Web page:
To support directors in meeting their positive duty obligations, the AICD has released a Director’s Guide to the Positive Duty which provides key governance steps for boards and questions for directors to ask management about their organisational approach, aligned to the AHRC’s Seven Standards of:
- Risk management
- Reporting and response
- Monitoring, evaluation and transparency
Underpinning this framework for action, the AHRC recommends four key guiding principles:
- Consultation: recognising that policies, processes and strategies to address sexual harassment and sex discrimination will be most impactful where informed by consultation with employees.
- Intersectionality: recognising that some groups may be affected differently by sexual harassment and sex discrimination due to aspects of a person’s identity intersecting with other factors (e.g. gender identity, sexual orientation, culture and race).
- Gender equality: recognising that sexual harassment and sex discrimination can often be perpetuated by gender inequality within the organisation.
- Person-centred and trauma-informed: recognising that an impacted person’s experience, preferences and needs should be genuinely considered in any organisational response to sexual harassment and sex discrimination, and further harm to the individual through the process be avoided.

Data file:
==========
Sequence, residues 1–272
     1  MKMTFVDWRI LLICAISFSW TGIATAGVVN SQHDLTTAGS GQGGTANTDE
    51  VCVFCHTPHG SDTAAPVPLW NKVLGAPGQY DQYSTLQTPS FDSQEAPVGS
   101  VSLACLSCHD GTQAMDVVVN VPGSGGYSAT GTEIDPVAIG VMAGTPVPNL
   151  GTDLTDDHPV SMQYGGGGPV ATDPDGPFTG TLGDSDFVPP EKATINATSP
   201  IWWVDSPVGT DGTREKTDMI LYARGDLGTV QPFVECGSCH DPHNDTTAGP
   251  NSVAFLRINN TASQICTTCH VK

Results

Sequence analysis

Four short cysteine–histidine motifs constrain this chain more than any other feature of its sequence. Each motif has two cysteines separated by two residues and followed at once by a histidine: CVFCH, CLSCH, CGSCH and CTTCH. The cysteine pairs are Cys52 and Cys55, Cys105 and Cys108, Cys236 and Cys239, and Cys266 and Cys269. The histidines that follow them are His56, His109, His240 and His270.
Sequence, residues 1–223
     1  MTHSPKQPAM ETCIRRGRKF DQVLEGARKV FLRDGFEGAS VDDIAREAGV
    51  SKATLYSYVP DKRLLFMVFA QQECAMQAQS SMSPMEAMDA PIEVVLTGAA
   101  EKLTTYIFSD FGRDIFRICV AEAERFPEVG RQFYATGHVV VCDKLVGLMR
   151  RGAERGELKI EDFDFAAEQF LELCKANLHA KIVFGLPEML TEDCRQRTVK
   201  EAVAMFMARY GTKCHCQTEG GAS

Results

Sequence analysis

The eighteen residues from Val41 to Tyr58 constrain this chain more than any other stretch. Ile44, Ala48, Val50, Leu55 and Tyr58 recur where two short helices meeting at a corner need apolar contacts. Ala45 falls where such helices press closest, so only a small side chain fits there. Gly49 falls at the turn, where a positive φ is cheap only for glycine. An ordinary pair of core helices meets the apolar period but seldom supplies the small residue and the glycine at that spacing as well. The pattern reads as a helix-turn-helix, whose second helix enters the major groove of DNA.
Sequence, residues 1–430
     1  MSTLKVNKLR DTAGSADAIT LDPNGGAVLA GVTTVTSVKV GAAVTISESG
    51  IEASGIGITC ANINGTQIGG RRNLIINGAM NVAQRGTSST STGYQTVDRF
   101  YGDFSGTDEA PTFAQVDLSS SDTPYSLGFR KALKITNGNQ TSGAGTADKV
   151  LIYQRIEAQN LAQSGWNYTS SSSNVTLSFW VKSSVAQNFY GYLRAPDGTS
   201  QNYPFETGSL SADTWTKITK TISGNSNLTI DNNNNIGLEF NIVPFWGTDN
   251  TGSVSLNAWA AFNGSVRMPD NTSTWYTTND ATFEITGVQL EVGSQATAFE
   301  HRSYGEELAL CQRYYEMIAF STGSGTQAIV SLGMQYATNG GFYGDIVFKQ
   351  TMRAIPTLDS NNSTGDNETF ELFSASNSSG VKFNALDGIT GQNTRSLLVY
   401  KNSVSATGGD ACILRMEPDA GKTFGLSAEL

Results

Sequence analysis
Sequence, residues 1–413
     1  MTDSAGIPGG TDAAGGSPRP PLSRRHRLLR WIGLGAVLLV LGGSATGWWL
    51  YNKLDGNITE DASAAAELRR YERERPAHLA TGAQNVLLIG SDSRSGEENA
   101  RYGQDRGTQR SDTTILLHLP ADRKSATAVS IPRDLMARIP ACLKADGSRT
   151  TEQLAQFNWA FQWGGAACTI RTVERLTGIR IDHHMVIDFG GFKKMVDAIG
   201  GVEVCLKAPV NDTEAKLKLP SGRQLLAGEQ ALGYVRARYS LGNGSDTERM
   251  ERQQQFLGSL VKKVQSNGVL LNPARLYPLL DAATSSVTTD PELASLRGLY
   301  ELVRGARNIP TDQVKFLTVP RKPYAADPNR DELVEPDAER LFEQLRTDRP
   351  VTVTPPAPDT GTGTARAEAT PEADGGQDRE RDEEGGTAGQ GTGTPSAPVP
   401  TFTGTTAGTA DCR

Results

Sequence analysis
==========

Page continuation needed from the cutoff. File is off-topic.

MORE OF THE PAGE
Importantly, from 2024 the Workplace Gender Equality Agency (WGEA) will collect data from organisations with 100 employees or more on workplace sexual harassment prevention measures. This is in addition to the current reporting of gender pay gap information to WGEA. See AICD’s earlier update on these changes here.
Sexual harassment reporting will cover policies or strategies, risk management practices, measurement of sexual harassment prevalence and reporting, and available support for employees who have experienced or are presently experiencing sexual harassment.
This means that employers will be reporting to WGEA each year on many of the measures that go to meeting their positive duty obligations. This is an opportunity for directors to assess the effectiveness of these measures, challenge management and set expectations for improvement if required.
AICD Webinar: Positive Duty to Prevent Workplace Sexual Harassment – guidance for directors
The AICD is hosting a complimentary webinar discussing the positive duty and practical insights on how directors can meet these obligations in practice with the AHRC’s Sex Discrimination Commissioner, Professor Anna Cody, and director panellists James Fazzino (Chair of Manufacturing Australia) and Susie Corlett (Non-executive director, Iluka Resources).
The webinar will be held on Wednesday 1 November 2.30-3.30pm AEDT, with a recording available. You can register here.